Want to live the #vanlife but not very handy? Leave the carpentry and wiring to the pros. These top van builders will make your dream vehicle a reality.
Living out of your car, for some, is not a stigma. It’s a badge of honor. For them, whittling their belongings to whatever fits on four wheels has become a life goal, so much so The New Yorker dubbed #vanlife the “Bohemian social media movement” of wanderlusting, photo-hungry Instagramers.
Many of the amenities that make a home with a parking brake romantic and not merely cramped require a skilled hand and careful planning. Fortunately, there are outfitters dedicated to turning your rig into a live-in camper that would make any #vanlifer jealous. Here’s a few.
The OG of van life manufactures, Sportsmobile has converted all types of vans into rolling homes since 1961. Sportsmobile is known for pop-top lifting roofs and pioneered many of the ergonomic interior layouts used today. It has three factory locations around the country: Fresno, Calif., Huntington, Ind. and Austin, Texas.
Based in Tualatin, Ore., Van Specialties began building all manner of custom vans in 1973. The company even manufactures vans for other companies on this list. It offers services that range from maintaining and upgrading your current adventure van to full custom campers built to your spec.
Based in Loveland, Colo., Colorado Camper Van builds a variety of campers with high- and low-top pop-top roofs. It offers full interior builds and custom exterior components, like roof racks and bumpers.
Known for trailer, shop, and garage accessories, RB Components also builds full-custom vans. It specializes in space savings and organization products available since 2002. The company is based in Santa Fe Springs, Calif.
Van lovers know Outside Van for aggressive styling and custom interiors designed for active lifestyles. Outside Van often configures designs specifically for a certain adventure sport or lifestyle. The Troutdale, Ore., company’s roots thrive in the active outdoor world of the Columbia River Gorge.
Van Works builds custom vans, specifically tailored to each customer on the Promaster and Sprinter platforms. Whether you want a toy hauler, mobile office, or full camper build, this Fort Collins, Colo., company has you covered.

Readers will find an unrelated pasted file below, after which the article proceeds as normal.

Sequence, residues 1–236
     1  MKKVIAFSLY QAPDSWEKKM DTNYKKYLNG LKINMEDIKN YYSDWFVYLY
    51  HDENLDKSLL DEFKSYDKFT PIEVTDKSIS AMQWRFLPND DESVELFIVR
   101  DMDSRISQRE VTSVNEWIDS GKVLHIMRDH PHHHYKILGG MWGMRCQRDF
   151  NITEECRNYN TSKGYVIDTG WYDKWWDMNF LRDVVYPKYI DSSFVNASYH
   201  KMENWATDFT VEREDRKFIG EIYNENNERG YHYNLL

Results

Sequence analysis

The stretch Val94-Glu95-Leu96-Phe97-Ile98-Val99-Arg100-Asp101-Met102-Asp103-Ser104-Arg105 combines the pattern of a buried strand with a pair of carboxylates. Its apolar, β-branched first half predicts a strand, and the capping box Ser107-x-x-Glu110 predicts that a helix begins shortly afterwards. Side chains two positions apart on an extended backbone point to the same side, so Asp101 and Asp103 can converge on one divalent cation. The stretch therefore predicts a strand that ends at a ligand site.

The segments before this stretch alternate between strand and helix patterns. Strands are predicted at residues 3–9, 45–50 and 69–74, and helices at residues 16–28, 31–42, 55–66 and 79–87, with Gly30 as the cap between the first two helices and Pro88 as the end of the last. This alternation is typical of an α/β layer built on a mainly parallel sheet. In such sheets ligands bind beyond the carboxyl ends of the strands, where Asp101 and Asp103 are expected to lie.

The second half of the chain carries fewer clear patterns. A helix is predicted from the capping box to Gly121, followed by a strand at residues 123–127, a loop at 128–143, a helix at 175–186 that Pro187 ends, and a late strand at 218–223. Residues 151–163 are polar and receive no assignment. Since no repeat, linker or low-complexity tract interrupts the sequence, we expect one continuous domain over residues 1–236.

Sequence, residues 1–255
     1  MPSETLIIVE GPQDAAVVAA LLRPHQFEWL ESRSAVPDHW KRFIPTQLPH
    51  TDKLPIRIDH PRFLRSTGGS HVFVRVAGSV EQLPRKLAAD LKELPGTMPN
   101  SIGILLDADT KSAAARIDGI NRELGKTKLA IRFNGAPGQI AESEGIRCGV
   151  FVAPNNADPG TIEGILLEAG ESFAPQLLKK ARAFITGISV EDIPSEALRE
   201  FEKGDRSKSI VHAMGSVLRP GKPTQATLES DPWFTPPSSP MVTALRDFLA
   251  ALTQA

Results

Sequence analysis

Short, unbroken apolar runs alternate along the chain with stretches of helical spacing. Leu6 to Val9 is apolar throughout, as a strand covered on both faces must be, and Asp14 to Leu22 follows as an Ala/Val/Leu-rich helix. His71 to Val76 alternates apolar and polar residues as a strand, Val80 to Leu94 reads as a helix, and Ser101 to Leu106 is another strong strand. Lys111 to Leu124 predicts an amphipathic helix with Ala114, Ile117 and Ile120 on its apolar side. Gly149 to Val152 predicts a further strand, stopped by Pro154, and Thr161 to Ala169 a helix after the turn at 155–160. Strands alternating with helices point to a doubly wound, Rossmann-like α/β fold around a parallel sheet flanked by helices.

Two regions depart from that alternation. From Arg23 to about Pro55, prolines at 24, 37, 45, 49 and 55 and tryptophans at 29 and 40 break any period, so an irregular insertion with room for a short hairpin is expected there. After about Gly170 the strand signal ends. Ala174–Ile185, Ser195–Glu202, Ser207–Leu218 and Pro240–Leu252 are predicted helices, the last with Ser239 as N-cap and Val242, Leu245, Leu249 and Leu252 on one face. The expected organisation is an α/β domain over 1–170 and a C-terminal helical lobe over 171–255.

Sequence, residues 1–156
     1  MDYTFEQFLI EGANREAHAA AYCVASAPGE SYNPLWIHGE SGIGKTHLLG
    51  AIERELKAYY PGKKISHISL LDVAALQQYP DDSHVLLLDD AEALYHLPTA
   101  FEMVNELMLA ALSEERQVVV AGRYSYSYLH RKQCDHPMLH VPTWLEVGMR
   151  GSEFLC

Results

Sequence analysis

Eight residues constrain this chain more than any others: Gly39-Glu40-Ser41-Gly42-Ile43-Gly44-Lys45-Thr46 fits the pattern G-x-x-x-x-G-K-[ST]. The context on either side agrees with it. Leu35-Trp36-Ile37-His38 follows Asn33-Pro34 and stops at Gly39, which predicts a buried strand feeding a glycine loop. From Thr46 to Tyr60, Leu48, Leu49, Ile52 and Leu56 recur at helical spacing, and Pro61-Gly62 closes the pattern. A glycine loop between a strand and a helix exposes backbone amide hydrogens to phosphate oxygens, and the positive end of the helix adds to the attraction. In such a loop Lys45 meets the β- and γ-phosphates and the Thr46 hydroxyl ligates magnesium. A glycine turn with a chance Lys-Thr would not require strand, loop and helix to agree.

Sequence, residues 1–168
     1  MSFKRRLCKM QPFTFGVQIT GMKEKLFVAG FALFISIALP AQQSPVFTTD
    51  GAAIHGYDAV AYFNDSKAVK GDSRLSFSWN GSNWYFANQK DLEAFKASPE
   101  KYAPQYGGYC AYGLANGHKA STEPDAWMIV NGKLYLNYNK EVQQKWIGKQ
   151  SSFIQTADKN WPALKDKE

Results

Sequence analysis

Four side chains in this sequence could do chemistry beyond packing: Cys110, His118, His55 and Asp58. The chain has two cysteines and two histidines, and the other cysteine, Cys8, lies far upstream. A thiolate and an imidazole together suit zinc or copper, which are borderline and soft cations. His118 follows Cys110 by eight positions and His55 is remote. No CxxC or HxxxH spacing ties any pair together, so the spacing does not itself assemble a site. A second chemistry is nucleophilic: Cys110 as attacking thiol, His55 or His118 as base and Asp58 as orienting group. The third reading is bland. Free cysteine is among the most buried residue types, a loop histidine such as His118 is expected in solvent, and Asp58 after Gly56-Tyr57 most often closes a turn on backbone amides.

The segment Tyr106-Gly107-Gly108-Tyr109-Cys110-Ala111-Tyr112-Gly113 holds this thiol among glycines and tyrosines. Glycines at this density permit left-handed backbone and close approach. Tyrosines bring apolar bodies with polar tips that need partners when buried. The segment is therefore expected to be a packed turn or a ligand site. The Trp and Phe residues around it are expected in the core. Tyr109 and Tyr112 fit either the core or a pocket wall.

Denver-based Van Life Customs specializing in homey, full custom wood interiors made to order. Dave Walsh has made his passion for the van life into a business, using his handyman skills to make other’s #vanlife dreams realities.
The new Nissan NV200/Chevy Express vans are the latest additions to the small van market in the U.S. Recon Campers converts these little efficient vans into modern-day VW Westy-style adventure campers. The company builds these vans in southern California, but expect to see them at dealerships near you soon.
Mario Kart 8 Deluxe is poised to be the next must-have Switch game. Regardless of the last Mario Kart title you played — our experiences vary from Mario Kart 64 to DS iterations to the Wii U’s original Mario Kart 8 — Nintendo is aiming to make this the most definitive Mario racer yet. To start, there are 48 courses and 42 characters (including some Splatoon additions), as well as an upgraded 1080p mode when you’re playing it docked from the Switch and some auto-steering help for younger gamers (or grown-ups who should know better). Those Joy-Con controllers double as mini-controllers for two-player battles on the go, while a fully fleshed-out battle mode, with several arenas and play modes, form the biggest gameplay addition to the original that launched on the Wii U. Now, you probably knew most of that already, but how does it play? Four editors share their thoughts after a week of racing, while one colleague swears he won’t buy the remake, regardless of how good it might be.
Jessica Conditt Senior Reporter
The Joy-Cons shouldn’t work. The two tiny controllers that lock into place on either side of the Nintendo Switch’s main screen should be too small, cluttered and uncomfortable to work as fully fledged gamepads. But, magically, they do.
When we first got the Switch, my partner and I each broke off a Joy-Con and played a few rounds of Snipperclips, but we didn’t really test out the individual gamepads until Mario Kart 8 Deluxe. We were excited: We’d conquered the original game on the Wii U, playing together, alone and with roommates for months on end (all with traditional gamepads, of course).
Before Mario Kart 8 Deluxe, the Switch had mainly functioned as a single-player Zelda machine in my house. This means we didn’t need extra gamepads like the Nintendo Switch Pro Controller, which costs $70 for some ungodly reason. So when my partner and I sat down to play MK8D, we popped out the Joy-Cons — and hesitated.
They were so small. We’d used them before, but not for hours on end, and not as stand-ins for traditional gamepads. The face of each controller has an analog stick on the left side, an array of four action buttons and either the Home or Camera button. The Joy-Cons’ bumpers — crucial buttons for drifting in Mario Kart 8 — are minuscule rectangles flush with the "top" of each controller, so that they actually disappear when reattached to the Switch.